Thrill of Success: Will Clark debuts on Today’s Game ballot
Nobody attacks the game with more fury.
A native of New Orleans, Clark was born on March 13, 1964 and shined as an amateur, winning the 1985 Golden Spikes Award at Mississippi State and excelling for the United States Olympic Baseball Team the year before.
The Giants took Clark with the second overall pick in the 1985 MLB Draft, and he broke camp with the Giants in 1986 as their starting first baseman. He homered off future Hall of Famer Nolan Ryan in his first big league at-bat on April 8, 1986 – and finished fifth in the National League Rookie of the Year balloting that season despite missing more than a month with an injured elbow.
The legend of “Will the Thrill” was just beginning.
The next season, Clark hit a career-high 35 home runs to go along with 91 RBI and a .308 batting average, finishing fifth in the NL Most Valuable Player voting. From there, Clark solidified his reputation as one of the game’s best first basemen. From 1988-92, he was named to five straight NL All-Star teams, finished in the Top 5 of the NL MVP vote three times, won two Silver Slugger Awards and also picked up a Gold Glove Award.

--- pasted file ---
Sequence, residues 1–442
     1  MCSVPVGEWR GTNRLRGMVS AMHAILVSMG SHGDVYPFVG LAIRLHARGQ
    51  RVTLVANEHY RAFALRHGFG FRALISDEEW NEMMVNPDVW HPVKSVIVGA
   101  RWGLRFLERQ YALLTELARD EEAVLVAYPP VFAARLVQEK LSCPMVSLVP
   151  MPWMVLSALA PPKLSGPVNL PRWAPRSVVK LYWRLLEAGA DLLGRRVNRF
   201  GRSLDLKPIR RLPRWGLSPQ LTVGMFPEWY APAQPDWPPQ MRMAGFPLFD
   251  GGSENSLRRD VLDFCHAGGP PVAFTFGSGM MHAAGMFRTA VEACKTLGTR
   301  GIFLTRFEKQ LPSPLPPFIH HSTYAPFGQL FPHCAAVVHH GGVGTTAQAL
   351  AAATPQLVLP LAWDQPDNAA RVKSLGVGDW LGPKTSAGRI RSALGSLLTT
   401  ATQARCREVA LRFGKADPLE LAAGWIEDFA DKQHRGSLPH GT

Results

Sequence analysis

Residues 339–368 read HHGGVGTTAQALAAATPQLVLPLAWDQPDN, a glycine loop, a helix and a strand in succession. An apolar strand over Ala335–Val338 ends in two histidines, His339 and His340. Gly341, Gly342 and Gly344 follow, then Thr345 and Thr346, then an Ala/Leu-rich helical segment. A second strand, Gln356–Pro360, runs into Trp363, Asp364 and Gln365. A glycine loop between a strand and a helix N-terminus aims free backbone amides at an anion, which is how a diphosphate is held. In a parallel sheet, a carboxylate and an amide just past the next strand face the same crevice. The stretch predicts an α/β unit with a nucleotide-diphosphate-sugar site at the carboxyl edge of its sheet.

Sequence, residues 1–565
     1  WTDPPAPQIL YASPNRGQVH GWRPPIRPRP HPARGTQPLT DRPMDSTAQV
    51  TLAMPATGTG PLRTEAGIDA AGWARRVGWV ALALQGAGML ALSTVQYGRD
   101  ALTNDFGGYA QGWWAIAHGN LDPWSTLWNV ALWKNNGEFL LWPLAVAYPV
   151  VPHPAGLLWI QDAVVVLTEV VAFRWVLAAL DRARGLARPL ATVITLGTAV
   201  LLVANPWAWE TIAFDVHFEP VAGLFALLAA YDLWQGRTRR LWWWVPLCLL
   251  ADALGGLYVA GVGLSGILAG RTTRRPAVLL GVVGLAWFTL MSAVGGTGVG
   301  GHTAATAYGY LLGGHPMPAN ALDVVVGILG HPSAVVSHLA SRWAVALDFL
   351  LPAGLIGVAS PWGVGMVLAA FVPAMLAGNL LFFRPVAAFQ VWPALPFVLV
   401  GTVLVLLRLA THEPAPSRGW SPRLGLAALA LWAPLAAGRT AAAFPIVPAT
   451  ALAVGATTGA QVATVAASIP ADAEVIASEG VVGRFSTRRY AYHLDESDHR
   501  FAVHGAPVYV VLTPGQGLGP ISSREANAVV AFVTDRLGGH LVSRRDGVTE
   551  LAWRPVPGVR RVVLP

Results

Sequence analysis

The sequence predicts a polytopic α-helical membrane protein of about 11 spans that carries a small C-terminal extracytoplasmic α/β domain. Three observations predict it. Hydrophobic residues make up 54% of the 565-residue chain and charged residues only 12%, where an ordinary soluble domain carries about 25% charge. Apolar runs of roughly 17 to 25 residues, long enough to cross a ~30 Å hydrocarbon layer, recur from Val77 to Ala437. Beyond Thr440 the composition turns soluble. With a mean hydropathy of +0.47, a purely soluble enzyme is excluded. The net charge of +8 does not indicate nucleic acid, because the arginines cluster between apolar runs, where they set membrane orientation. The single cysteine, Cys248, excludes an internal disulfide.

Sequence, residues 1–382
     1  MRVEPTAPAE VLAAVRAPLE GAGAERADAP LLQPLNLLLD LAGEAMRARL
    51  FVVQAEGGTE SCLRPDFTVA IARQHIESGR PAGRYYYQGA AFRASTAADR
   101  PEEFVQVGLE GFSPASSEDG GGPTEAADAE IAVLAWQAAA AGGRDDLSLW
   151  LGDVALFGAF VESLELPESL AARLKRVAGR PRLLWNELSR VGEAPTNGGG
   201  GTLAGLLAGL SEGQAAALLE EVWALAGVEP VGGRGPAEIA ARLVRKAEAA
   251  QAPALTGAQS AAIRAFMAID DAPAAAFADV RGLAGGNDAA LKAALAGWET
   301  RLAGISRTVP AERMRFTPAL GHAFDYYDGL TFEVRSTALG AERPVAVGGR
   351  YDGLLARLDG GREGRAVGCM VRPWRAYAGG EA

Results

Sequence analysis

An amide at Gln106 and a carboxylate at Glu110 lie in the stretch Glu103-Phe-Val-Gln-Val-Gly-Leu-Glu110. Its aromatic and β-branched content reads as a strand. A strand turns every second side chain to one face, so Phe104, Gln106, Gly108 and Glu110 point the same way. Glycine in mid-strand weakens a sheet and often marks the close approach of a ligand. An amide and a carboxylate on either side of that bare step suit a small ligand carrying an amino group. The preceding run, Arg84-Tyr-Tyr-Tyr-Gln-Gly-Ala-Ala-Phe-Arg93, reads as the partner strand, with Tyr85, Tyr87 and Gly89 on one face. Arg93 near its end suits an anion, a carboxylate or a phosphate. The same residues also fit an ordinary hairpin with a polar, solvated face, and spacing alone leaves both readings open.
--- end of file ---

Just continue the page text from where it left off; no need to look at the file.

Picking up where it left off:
And in the fall of 1989, Clark stepped onto the national stage at the NLCS, hitting .650 with two homers and eight RBI in the Giants’ five-game win over the Cubs, earning the series MVP honors.
“He has a tremendous ego and desire,” said former Giants president and general manager Al Rosen. “Nobody attacks the game with more fury.”
Clark left the Giants via free agency following the 1993 season, continuing to put up stellar numbers with the Rangers. In five years with Texas, Clark hit .308 and earned his sixth All-Star Game selection, then signed with the Orioles when his contract expired prior to the 1999 campaign.
“I have fun on the field, but the name of the game up here is winning,” Clark said. “If I didn’t enjoy it, I couldn’t play the game all-out like I do.”
In 2000, the Cardinals – looking for a substitute for the injured Mark McGwire – brought Clark to St. Louis in a trade deadline deal. The 36-year-old Clark responded by hitting .345 with 12 homers and 42 RBI in just 51 games, helping the Cardinals advance to the NLCS.
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Craig Muder is the director of communications for the National Baseball Hall of Fame and Museum